Give a few good poots all around nooks and crannies to dislodge crumbs and flakey filth. Make sure to hold components steady so you don’t accidentally knock any sensors or doodads askew.
A small air compressor or canned air will get the job done. Just be careful not to use so much pressure that you damage any seals or gaskets.
After blasting, take a critical look at the engine. Any spots still caked in stubborn gunk? Circle back with a plastic scraper to remove the tough stuff before progressing to the next step.
2. Applying Degreaser
- Choose a suitable degreaser
- Spray degreaser on greasy areas
- Allow it to soak for recommended time
Choosing a suitable degreaser
Using a degreaser formulated for car engines will work much better than household cleaners. Look for a citrus-based option that cuts grease yet smells better than acetone fumes.
Applied correctly, degreaser turns that caked-on gunk into an oil slick that rinses away with ease.
Spraying degreaser on greasy areas
With degreaser in hand, give er a good spritz all over visibly dirty areas. Really soak it on thickly where crud clings the toughest.
No need to douse the whole engine yet – you can always reapply more later. Allowing it to dwell helps it to deeply penetrate and loosen grime.
Allowing it to soak for recommended time
Now comes the waiting game. Resist the urge to dig in early! Follow product instructions for soak time – usually 5-10 minutes does the trick.
Use this break to grab another cold one from the fridge. The degreaser’s potent chemicals need time to work their magic before scrubbing.
3. Scrubbing and Washing
- Use a soft brush on difficult areas
- Thoroughly scrub with soapy water
- Focus on greasy/dirty spots
Using a soft brush on difficult areas
Time to step it up from degreaser alone. Grab your rusty scrub brush and get those engines fins sanded clean.
Focus the brush on crud crammed into tight corners that degreaser couldn’t reach, like crevices around the cylinders. Use gentle pressure – you’re loosening crud, not stripping paint.
Thoroughly scrubbing with soapy water
Once degreaser has done its work, it’s time for the main event. Lather up your trusty green scrubbie with bike wash soap and scrub every nook and cranny until bubbles form.
Don’t be shy – put some muscle into it! This one’s gonna get your hands dirtier than a pit stop.
Focusing on greasy/dirty spots
When scrubbing, pay extra attention to places that gathered the most guck, like the heads, valve covers and oil drippers. These sticky suckers will take some serious scouring to get showroom shiny. Don’t stop until all grime goes down the drain!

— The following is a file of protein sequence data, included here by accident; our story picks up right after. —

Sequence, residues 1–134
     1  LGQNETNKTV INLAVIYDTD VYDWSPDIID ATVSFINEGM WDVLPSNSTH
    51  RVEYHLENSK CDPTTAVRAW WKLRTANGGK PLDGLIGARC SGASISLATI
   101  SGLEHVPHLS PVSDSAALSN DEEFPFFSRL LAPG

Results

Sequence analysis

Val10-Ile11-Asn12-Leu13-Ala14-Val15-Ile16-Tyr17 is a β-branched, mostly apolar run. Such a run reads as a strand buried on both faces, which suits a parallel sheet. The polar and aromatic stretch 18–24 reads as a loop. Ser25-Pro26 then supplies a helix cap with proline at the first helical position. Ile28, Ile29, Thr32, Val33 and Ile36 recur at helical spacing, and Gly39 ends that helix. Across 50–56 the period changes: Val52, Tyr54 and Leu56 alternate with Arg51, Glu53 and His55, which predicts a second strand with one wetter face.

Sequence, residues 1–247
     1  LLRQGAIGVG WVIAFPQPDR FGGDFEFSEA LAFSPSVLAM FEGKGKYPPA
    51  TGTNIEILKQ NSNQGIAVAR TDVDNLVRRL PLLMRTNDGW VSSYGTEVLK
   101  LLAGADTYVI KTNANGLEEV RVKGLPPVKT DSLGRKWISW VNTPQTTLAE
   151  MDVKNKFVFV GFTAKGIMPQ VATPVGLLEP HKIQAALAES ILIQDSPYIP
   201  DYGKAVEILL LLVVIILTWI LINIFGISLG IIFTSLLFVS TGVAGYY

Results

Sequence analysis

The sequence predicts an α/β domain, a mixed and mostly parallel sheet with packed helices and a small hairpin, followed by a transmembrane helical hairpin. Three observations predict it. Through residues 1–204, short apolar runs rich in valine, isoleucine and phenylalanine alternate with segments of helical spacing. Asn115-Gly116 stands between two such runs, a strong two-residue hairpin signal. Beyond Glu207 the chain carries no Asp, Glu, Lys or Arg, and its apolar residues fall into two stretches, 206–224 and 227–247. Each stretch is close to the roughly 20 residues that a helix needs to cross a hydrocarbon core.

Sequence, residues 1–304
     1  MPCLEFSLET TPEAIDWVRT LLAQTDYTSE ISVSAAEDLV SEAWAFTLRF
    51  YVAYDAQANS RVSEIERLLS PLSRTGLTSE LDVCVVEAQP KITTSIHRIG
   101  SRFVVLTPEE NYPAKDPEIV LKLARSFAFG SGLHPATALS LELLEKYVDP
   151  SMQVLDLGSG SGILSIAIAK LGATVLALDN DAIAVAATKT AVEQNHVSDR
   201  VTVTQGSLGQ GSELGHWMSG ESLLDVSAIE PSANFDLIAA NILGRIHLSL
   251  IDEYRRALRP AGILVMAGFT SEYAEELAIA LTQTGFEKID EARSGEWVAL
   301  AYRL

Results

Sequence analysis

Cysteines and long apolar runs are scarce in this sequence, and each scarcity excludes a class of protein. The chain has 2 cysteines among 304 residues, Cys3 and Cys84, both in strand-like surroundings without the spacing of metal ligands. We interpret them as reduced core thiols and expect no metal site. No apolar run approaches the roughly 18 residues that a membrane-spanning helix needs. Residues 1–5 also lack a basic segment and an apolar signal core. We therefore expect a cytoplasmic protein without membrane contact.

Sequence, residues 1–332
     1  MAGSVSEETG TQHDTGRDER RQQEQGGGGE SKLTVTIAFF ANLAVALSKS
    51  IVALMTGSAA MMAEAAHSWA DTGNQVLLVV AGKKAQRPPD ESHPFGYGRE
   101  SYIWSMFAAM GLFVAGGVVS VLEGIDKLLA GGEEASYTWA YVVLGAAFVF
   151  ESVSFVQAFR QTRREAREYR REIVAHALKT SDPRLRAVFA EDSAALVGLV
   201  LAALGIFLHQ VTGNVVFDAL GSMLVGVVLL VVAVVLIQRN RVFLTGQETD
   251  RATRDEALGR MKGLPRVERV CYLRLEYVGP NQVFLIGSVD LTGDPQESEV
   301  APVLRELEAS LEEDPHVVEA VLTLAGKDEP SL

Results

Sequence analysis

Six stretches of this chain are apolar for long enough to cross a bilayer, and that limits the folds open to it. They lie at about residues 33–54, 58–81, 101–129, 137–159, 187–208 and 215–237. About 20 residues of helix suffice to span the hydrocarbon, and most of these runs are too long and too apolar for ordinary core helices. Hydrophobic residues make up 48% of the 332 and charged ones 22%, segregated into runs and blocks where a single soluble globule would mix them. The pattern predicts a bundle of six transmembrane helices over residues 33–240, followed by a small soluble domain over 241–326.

- Thoroughly rinse with clean water
- Ensure all cleaning agents are removed
Thoroughly rinsing with clean water
Now it’s time to wash away all that filthy sudsiness. Attach your hose and give er a good thorough rinse all over, paying extra attention to any crevices lingering soap suds.
Use plenty of pressure – you want to blast off every last grimy residue so she’s squeaky clean.
Ensuring all cleaning agents are removed
Take your time inspecting every nook and cranny to ensure all degreaser and soap is rinsed away. Traces can attract more dirt over time.
Do a final rinse with the engine running to flush out hidden areas. No sense ruining all that hard work with leftover chemicals!
With a final once-over, you’ve now removed all the muck revealing shiny fresh parts underneath. She’s looking brand spanking new! One more step stands between you and smooth sailing – drying her off.
- Use compressed air or cloths to dry
- Apply polish or protectant (optional)
Using compressed air or cloths to dry
Now it’s time to finish drying her off! Blast away remaining droplets with compressed air, aiming into small crevices.
Then buff out excess moisture from flat surfaces using a microfiber cloth. No need to rub too hard – these cloths are super absorbent.
You can use a leaf blower too:
Applying polish or protectant (optional)
Once fully dry, you may want to apply a little strutting polish to bring out that deep shine, especially on chrome trim.
Or treat her to a protective coat of natural wax to guard against water spots. Not required, but a nice way to finish her off with some pizzazz!
There you have it – your machine is now fresher than a morning dew. Fire her up and feel the power with none of that gunk holding her back.
6. Cleaning Engine Fins (if applicable)
Those thin metal fins that help cool the engine require a light touch. Degreaser alone may not do the trick for baked-on grime. A more gentle approach works best here.